17 May 2017

How to keep your wedding costs down

One clear trend stands out in our latest survey on how British people today manage their wedding expenses: Forget the canapés. Just over half of the 2,000 people in our study of married Britons dispensed with fancy nibbles when they tied the knot.

'Favours' were the next most popular wedding item to drop, with just under half of married couples abandoning the tradition of giving sweets and other little gifts to guests. Wedding dresses also saw major cuts, with 48% of survey participants spending less on them. Guest numbers and luxurious invitations were next for the squeeze.

The result of these savings? Just over 30% of people spent less than £1,000 on getting hitched. Only around one in six paid for their wedding on credit, the rest using savings or family cash for the celebration; and three-quarters of couples ended up with no wedding debt. This is the frugal spirit of the times, according to those working in the industry. 

The expert opinion

"Post Brexit and with a national election coming up, feedback from our suppliers is that people are a little reticent to spend on their wedding", says Siobhan Craven-Robins of the National Association of Wedding Professionals. "But it's also freeing couples to take a new approach to the style of their wedding, with some moving away from tradition to create bespoke weddings that also save money."

Ali Fleming, a specialist in non-traditional marriage ceremonies, says "some couples feel under pressure to splurge on traditional showy nuptials, and don't consider the low-cost, low-key alternatives."

"More often than not, today's weddings are mixing it up between traditional and modern," Dom Harness of wedding planners Rocks & Frocks. "That gives couples the freedom to drop pricier wedding items that don't add that much to the happiness of the day."

Knot-tying spots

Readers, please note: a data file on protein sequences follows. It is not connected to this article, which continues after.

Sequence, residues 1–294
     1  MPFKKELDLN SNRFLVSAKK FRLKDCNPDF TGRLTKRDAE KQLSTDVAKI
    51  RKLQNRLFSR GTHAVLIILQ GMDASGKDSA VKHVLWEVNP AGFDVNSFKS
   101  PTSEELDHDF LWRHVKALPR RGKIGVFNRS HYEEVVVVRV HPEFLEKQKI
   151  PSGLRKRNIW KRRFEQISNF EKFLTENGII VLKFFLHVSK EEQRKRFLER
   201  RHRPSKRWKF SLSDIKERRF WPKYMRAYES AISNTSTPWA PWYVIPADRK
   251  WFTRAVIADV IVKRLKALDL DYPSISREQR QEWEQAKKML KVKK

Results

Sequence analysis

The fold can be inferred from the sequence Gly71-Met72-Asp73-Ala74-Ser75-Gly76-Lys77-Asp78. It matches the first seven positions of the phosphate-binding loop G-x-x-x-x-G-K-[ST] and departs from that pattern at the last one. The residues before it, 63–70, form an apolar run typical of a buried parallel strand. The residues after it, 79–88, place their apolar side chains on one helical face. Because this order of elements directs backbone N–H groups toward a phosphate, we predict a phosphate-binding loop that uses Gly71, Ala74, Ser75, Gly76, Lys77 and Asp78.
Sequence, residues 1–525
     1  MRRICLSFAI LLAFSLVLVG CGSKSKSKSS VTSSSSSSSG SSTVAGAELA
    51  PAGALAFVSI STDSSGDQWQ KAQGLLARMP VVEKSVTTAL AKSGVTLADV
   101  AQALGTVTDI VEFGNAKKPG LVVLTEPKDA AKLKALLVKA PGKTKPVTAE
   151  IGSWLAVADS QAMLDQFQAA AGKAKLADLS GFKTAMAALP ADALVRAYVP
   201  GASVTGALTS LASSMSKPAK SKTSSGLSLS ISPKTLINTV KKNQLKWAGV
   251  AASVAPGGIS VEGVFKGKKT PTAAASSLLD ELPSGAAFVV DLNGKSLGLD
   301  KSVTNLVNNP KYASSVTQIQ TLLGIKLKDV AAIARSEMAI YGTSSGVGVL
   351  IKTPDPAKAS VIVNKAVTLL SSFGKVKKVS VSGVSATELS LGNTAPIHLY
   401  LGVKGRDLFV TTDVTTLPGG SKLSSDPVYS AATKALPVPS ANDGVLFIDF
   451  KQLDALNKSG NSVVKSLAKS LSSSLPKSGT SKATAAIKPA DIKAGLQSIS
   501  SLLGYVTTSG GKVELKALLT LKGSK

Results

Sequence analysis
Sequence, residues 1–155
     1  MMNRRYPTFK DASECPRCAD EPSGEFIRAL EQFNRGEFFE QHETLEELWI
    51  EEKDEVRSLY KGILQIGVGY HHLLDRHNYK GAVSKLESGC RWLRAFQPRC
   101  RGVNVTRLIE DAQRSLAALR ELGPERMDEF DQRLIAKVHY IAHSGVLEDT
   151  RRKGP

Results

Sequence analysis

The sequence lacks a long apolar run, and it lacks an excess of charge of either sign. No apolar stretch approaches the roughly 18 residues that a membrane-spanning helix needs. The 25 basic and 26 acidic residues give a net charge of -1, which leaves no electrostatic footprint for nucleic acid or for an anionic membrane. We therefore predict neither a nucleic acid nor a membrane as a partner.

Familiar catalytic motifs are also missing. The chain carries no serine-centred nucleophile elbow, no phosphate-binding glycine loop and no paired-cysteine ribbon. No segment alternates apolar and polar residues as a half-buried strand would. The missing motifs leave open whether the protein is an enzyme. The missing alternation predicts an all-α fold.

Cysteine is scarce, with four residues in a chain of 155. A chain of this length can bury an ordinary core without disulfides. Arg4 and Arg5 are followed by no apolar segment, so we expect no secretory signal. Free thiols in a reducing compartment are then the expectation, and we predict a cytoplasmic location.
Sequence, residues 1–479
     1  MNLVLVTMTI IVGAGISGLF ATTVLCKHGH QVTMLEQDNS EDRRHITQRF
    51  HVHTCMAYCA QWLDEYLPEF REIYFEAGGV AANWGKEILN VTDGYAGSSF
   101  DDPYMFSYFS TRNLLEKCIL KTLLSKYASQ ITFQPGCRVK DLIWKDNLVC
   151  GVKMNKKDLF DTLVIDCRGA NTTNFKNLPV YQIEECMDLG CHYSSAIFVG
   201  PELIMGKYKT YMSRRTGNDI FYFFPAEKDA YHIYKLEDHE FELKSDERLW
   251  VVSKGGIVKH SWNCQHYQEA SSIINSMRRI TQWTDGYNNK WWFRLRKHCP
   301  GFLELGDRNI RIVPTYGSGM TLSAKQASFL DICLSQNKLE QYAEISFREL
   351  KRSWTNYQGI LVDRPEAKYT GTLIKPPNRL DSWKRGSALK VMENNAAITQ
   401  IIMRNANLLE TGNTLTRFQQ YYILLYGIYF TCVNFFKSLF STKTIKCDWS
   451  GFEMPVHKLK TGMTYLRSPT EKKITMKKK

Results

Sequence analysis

The cheapest wedding or civil partnership will cost you precisely £119 at a registry office: £35 for each person when you give notice of the marriage, £45 to register it and £4 for the certificate. And the only guests you'll need will be a pair of witnesses.

But they also offer the option of cheerfully inexpensive group rooms for the ceremony, which may suit smaller-scale weddings. Village halls are a great saver for the venue, Ali Fleming advises, but the setting can also be entirely free.

Ali recently organised a gypsy-style reception in a back garden and another taking place on an – equally free – Devon beach. A venue that doesn't charge corkage can save a huge amount on the drinks bill too.

Food & bubbles

Journalist and editor Laura Tennant chose a homespun local caterer at her wedding instead of a big catering firm, partly to save on pricey uniformed servers but also to avoid the standard salmon-and-chicken dishes, offering her guests instead simple Turkish stews, tapas and salads.

The dream of a low-cost wedding can go 'pop' as soon you start opening the Champagne. The alternative to expensive bubbly doesn't always have to be Prosecco (although there's nothing wrong with that).

Laura started her guests on a glass of proper Champagne before moving onto the less well known and less expensive Crémant, a delicious French sparkling wine made in the traditional Champagne method but with different grape varieties.

The rings

Over one third of the couples in our survey decided to cut spending on the rings, both engagement and wedding, with nearly 10 per cent forgetting about wedding bands altogether. To economise, you could trek to places where they deal with rings in bulk, like Hatton Garden in London, and the Birmingham Jewellery Quarter, and do your best to haggle.

For her engagement ring, Laura used a combination of inherited jewellery, which she and her fiancé took to an East End jeweller to melt down and turn into a contemporary chunky ring. That meant they were free to choose a celtic design with special significance for them.

Have a look for artisan jewellers offering low-cost but bespoke rings, made from recycled materials, even old silver cutlery and coins.

Other ways to save

Friends can help you save. Instead of hiring a wedding photographer, ask them to share the hundreds of pictures and videos they'll make.

There are so many options online, it can be dizzying. If you want the traditional look, you could try to order a bespoke wedding gown via eBay for as little as £100. Or check out one of the many high street retailers offering bridal wear such as Topshop or online retailer ASOS. You could pay someone to design a smart invitation but send it via email rather than post.

Be sure to check you'll be getting a reliable service. Despite the initial outlay, a professional wedding planner can help couples save by knowing good-value suppliers and keeping track of costs, says Siobhan Craven-Robins of the National Association of Wedding Professionals.

Above all, remember: the real magic of your wedding day is priceless and can't be bought. Don't lose it in all the planning.

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